(hubba hubba). There are four sequels to this one, I've got number two on
hold at the library right now. Get in line!
- (11/9) The Fisherman's Son by Michael Koepf.
- Drifting in a life raft off the coast of California, Neil
Kruger keeps himself going by sinking into memories of his childhood days
spent helping his father, a commercial fisherman. Parts of this were
really good, but the whole seemed pretty clumsy. I think it would've been
better if it had JUST been about Neil's childhood and father -- the life
raft scenes seemed added at the last minute and really didn't do anything
to make the story more cohesive. Sure, there were some parallels the
author was trying to bring out, but he didn't do them smoothly or subtlely
enough for me. Still, I read the damn thing, didn't I? That's gotta say
something about it, right?
- (11/8) The Calling by Catherine Whitney.
- With Rosary Heights, the motherhouse of the Sisters of St.
Dominic in Seattle, as the backdrop, Whitney takes us through her personal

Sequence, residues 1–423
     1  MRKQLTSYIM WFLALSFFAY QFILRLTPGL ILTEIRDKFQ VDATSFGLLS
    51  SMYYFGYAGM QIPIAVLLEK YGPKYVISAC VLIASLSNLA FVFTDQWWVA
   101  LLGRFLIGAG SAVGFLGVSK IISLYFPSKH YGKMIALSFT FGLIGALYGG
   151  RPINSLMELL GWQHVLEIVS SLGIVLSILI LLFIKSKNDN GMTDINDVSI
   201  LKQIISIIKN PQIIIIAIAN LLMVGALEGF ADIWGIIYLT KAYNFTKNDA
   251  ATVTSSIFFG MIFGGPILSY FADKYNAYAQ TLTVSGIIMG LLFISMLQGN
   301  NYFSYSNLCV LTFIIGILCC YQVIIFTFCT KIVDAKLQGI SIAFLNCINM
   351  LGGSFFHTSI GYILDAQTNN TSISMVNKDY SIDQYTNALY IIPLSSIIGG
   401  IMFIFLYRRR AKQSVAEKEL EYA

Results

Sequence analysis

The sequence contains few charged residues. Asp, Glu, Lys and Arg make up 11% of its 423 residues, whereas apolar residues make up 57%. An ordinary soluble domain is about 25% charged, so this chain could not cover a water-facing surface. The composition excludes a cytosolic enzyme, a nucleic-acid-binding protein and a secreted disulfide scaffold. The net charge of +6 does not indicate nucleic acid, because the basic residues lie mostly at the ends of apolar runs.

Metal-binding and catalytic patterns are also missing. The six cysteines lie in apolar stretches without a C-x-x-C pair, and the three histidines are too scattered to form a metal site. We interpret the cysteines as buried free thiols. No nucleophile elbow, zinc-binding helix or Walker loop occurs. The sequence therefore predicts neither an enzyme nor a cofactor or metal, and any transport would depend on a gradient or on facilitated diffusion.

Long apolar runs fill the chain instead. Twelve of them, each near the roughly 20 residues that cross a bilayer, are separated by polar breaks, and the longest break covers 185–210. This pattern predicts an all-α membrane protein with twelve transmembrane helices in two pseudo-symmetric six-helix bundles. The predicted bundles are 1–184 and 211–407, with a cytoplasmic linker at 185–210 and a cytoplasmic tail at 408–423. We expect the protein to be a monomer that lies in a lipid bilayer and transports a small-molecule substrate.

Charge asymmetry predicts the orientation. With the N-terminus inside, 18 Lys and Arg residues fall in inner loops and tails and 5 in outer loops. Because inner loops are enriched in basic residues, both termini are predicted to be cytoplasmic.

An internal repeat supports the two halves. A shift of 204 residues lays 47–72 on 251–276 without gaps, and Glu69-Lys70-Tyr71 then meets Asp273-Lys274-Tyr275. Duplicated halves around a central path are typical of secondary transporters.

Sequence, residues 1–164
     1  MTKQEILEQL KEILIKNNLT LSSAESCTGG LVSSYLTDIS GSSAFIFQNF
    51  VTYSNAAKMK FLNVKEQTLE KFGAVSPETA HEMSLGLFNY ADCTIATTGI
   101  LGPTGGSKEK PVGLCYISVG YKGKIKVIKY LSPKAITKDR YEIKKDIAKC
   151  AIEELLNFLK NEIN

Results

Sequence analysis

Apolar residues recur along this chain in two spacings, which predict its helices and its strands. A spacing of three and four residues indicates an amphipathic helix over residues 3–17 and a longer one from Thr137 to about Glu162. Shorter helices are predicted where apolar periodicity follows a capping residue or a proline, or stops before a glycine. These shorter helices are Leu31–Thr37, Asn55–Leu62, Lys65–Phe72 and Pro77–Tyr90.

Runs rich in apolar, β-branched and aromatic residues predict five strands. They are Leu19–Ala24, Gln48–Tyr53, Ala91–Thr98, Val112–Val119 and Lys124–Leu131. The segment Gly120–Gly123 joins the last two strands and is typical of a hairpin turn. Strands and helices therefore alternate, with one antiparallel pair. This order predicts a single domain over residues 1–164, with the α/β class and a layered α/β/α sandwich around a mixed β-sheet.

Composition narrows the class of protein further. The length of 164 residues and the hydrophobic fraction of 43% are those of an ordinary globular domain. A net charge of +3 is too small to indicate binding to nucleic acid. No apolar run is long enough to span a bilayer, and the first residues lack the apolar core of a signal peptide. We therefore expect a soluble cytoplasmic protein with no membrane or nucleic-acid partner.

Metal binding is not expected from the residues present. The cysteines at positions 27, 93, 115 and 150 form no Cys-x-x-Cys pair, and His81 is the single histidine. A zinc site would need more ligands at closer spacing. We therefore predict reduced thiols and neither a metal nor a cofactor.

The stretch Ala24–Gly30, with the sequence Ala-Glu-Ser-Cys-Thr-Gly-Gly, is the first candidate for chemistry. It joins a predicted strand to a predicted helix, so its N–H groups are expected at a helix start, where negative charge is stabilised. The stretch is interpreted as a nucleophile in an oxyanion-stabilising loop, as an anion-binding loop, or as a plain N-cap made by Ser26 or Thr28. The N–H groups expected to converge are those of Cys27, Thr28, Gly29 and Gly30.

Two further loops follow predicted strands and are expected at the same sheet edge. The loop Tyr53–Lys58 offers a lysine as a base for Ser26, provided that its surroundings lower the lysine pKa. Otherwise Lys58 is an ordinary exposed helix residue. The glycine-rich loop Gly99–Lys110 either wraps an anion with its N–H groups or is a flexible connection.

history with the nuns inside the order she once contemplated entering. An
interesting look at why being a nun appeals to some women, despite the
the fact that the church is considered pretty misogynistic by the same
exact women. Heck, I've always wanted to be a nun and I'm not even a
Christian! I really enjoyed reading this and highly recommend it.
- (11/4) Running the Amazon by Joe Kane.
- Chronicle of Kane's voyage from one end of the Amazon all the
way to the other. Full of mountain climbs, rafting adventures, and tales
of the local culture. Also full of a lot of arguing and back-stabbing
(the group who set out to do this were not the best of friends). I
enjoyed parts of this, but it got pretty bogged down in places. Enjoyed
"Shooting the Boh" much more and recommend it over this one.
- (11/2) Hadrian's Walls by Robert Draper.
- Hadrian Coleman, an escaped convict living underground, is
drawn out of hiding when he hears he's been pardoned. All he has to do is
return to his hometown, where his best friend is now the man in charge of
the prison, and sign the documents. However, when he gets there, he
realizes the deal comes with a pretty heavy price. Soon Hadrian is forced
to decide between loyalty to his friend and the desire to do the right
thing. I really enjoyed this book -- it's well-written and the characters
are very well-drawn. I also confess to a slight crush on the title
character. But mum's the word on that one, okay?